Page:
The Flash speeds onto UK Digital Retail from this Monday. In preparation, check out our review of the film and details of the special features!
The Flash is speeding onto UK digital retail from Monday (August 28th.) The DC movie, starring Ezra Miller and the return of Michael Keaton as Bruce Wayne/ Batman is bound to be much sought after. It has been a success on the PVOD market. But now, it can be yours at a cheaper price to own. The movie gets a physical release on September 18th. While special features will vary by supplier, this is what viewers can expect to have at their fingertips:
Making the Flash: Worlds Collide – featurette
The Flash: Escape the Midnight Circus Behind the Scenes
Let’s Get Nuts: Batman Returns, Again – featurette
Supergirl: Last Daughter of Krypton – featurette
The Flash: Escape from Midnight Circus Trailer
The Flash: Escape from Midnight Circus: Priorities
The Flash: Escape from Midnight Circus: The Inherent Dangers of Time Travel
The Flash: Escape from Midnight Circus: Fully Torqued
The Flash: Escape from Midnight Circus: The Psychodrome
The Flash: Escape from Midnight Circus: Cyclotron Don
The Flash: Escape from Midnight Circus: Blackout
In Session – The Flash: Escape from the Midnight Circus
In preparation ahead of the film’s digital release, we present to you our editor-in-chief, Phil Roberts‘ review of the film itself. Get ready to once again experience all the thrills the film has to offer in the comfort of your own home!
After some hefty delays, Andy Muschietti’s The Flash is finally running into cinemas everywhere. Allegations against its star Ezra Miller have mired the build-up and taken some of the focus away from the film. But, with Sasha Calle making her debut as Supergirl and Michael Keaton donning the Cowl for the first time in over three decades, the movie has all the hallmarks of a runaway smash hit. But can it overcome the behind-the-scenes drama and hit a home run for fans of the speed force? Or should we sideline it to the also-ran section?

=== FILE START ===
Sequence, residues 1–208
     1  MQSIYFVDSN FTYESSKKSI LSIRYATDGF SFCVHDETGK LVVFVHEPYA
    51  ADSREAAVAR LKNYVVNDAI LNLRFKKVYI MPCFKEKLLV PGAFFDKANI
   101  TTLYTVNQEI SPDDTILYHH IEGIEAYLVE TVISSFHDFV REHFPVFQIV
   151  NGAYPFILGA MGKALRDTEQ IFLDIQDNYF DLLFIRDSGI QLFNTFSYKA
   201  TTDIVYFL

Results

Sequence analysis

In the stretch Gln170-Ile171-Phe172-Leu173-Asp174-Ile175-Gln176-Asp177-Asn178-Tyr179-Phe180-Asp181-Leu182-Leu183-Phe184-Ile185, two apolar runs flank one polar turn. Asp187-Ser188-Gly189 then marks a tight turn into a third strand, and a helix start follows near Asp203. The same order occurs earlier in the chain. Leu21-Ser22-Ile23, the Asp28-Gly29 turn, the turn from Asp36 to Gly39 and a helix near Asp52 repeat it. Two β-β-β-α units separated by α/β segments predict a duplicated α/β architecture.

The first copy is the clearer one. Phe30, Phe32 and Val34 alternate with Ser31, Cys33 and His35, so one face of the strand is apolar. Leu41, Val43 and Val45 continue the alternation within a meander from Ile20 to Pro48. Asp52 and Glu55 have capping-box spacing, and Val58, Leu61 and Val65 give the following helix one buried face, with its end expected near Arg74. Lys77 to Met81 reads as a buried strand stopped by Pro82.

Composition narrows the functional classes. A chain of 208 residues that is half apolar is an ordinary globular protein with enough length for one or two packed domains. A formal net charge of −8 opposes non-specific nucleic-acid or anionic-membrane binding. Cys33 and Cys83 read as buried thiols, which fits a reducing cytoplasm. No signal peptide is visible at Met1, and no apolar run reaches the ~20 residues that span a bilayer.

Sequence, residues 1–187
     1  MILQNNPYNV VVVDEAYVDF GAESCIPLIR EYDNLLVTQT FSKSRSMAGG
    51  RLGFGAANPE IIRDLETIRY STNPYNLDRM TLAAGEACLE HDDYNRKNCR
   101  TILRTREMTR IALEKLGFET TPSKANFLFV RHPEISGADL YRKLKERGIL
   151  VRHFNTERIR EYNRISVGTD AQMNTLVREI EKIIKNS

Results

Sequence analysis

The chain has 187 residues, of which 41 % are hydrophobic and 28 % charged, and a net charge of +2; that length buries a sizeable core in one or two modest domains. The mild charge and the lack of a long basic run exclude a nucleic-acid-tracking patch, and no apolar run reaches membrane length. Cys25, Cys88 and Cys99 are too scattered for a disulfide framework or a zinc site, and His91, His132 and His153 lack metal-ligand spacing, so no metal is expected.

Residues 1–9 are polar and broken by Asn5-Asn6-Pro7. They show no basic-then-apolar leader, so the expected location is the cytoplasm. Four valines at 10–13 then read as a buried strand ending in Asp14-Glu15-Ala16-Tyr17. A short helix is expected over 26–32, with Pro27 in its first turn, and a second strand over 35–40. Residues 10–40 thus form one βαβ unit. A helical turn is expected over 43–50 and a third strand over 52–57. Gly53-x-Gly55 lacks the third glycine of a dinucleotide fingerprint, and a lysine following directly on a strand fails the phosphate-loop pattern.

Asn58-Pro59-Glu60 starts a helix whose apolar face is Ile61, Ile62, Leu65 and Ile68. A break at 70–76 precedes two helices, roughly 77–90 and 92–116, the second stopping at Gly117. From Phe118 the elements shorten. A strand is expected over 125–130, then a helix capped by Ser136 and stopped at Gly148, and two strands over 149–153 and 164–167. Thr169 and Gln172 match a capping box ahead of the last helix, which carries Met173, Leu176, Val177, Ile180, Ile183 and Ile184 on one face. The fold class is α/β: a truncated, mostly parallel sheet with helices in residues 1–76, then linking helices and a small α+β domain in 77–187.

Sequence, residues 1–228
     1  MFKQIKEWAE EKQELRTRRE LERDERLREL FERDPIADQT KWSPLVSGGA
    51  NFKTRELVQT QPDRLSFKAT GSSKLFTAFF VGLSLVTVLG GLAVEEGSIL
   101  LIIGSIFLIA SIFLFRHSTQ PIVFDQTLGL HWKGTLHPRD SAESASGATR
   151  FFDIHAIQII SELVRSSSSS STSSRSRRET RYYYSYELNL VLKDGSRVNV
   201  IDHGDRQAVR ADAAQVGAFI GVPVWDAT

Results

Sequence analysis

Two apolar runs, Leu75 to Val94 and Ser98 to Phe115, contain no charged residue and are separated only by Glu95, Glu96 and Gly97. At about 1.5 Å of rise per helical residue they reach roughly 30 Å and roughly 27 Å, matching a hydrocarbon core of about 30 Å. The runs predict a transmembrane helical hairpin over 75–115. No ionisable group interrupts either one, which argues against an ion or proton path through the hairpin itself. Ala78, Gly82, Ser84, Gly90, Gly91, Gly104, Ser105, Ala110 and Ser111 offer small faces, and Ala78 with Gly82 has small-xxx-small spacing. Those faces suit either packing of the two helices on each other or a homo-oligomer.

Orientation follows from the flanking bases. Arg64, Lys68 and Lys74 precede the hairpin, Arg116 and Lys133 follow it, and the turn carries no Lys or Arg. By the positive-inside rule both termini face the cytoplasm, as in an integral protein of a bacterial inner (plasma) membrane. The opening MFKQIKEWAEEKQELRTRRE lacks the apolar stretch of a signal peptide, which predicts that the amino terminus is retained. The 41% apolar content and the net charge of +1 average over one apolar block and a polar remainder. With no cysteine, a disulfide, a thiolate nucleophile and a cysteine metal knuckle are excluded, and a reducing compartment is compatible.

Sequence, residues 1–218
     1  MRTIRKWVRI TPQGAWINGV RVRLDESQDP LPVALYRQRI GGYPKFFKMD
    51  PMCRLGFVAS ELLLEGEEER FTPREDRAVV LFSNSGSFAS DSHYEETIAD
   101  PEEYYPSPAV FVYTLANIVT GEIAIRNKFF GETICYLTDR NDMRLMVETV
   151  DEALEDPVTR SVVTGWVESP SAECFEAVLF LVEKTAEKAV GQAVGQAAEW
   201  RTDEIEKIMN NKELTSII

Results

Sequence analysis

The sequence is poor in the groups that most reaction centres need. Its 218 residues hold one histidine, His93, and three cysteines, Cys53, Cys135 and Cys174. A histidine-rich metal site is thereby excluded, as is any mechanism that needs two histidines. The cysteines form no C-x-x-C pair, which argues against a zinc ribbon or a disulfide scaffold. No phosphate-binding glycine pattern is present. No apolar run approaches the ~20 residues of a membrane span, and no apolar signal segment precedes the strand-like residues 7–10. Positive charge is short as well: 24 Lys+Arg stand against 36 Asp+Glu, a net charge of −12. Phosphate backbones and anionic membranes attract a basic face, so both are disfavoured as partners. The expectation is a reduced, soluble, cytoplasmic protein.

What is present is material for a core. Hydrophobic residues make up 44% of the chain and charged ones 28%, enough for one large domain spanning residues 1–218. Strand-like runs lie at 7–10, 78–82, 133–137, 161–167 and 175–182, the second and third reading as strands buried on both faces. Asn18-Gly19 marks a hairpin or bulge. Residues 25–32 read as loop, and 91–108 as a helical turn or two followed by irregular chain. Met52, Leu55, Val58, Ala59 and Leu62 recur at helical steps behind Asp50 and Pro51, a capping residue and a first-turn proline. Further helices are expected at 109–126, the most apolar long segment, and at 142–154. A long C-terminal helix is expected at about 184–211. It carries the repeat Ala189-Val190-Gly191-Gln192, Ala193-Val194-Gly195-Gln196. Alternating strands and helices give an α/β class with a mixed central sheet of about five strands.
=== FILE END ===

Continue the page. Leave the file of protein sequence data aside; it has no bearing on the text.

Fear not Flash fans because Barry Allen‘s big-screen solo adventure is a triumph. The movie is a true DC masterclass, and although it has its fair share of problems, the movie presents the DC Multiverse at its finest. It’s incredibly humorous and has more comedy moments than I expected. But the comedic aspects fit right into the tone of the film. As for the characters, Sasha Calle is mesmerizing as Supergirl, and Ezra Miller excels as two variations of Barry. But make no mistake, this is Michael Keaton’s movie – and he makes his triumphant return in a stellar performance that warrants another solo adventure.
Based loosely on the “Flashpoint” storyline, the film follows Barry and his quest to exonerate his father for the murder of his mother. The source material is gripping. And the film hits with some genuinely poignant and heartfelt moments that underscore the loss that Barry has endured. Although the fast-paced and often explosive opening taps into the funnier side of things, this heartbreak serves as the template for what we will see unfold. After a daring rescue by Flash and Batman (Ben Affleck), Barry quickly discovers a way to travel back in time through the Speed Force.
What follows is an exploration of whether Barry should use this newfound ability to return to the past to change the future. It is a moral dilemma, one that warrants advice from Bruce Wayne. But the ever-ready veteran warns of the dangers attached to tampering with past events and emphasizes that the scars of the past define who we become as we grow. Despite his limited screen time, Affleck appears to be having a blast in this lighter incarnation of his caped crusader. So if this is the last time we see him in the suit, at least he went out on a high. But fans will be left wondering what might have been had circumstances been different.